- Individual mobility will become prevalent for everyone, especially the elderly, disabled persons, and even children.
- Traffic will generally become much safer. However, on the rare occasions when something goes wrong, it will go very wrong.
- A general speed limit, required for safety reasons, will be established in all countries, including Germany where no formal speed limit is imposed.
- People will generally become less interested in cars. Cars will be more like furniture.
- Cars will become see-all-hear-all devices. They will record everything around them optically (via cameras) and acoustically, as well as everything happening inside them. Privacy concerns will be a general problem with autonomous cars.
- The taxi business as we know it will disappear. Taxis will be replaced by car-sharing services.
- A very different interior car design will be required. Comfort will be the only important feature; sports cars will die out.
- Comfort-oriented car technologies that are not yet attractive will spread widely, such as tilt technology (elegantly drive around curves, today regarded as dangerous because the driver doesn’t feel the centrifugal force and tends to go to faster around curves); active “ideal” no-bump suspension systems (today’s drivers like to “feel the road” because it helps them drive more safely); “all-private” glass on all sides of the car; etc.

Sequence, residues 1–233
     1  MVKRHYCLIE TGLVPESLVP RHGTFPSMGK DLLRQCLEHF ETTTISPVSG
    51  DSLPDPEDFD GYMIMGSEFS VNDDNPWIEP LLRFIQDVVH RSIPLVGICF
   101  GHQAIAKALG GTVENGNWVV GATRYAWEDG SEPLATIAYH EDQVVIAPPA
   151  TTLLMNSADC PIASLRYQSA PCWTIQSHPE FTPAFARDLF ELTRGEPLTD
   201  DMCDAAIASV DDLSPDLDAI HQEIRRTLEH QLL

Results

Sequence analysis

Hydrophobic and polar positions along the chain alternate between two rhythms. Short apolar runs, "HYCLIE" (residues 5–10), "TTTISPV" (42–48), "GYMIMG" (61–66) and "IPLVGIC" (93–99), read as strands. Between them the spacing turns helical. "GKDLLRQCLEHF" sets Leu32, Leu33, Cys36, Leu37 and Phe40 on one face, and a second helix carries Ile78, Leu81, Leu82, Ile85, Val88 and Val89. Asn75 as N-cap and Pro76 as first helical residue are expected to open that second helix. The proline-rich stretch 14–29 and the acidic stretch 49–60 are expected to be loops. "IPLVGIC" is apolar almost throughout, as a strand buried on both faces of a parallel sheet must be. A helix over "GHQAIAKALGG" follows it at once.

- Speeding traps will die out – cities will find other, perhaps as unpleasant, ways to tax citizens.
- Autonomous cars will present a great opportunity for ad-supported businesses since people have time to watch commercials in their cars (e.g. augmented car glass with context-sensitive ads).
- Certain forms of mass transit systems will begin to decline.
- The car industry will thoroughly change. Automakers will have to move strongly toward software design, otherwise, they will fall behind.
- Parking lots will change. Since the cars will be able to drive without any passengers at all, people will prefer to save money and let their cars park cheaply in remote places. A new kind of parking lot will be required.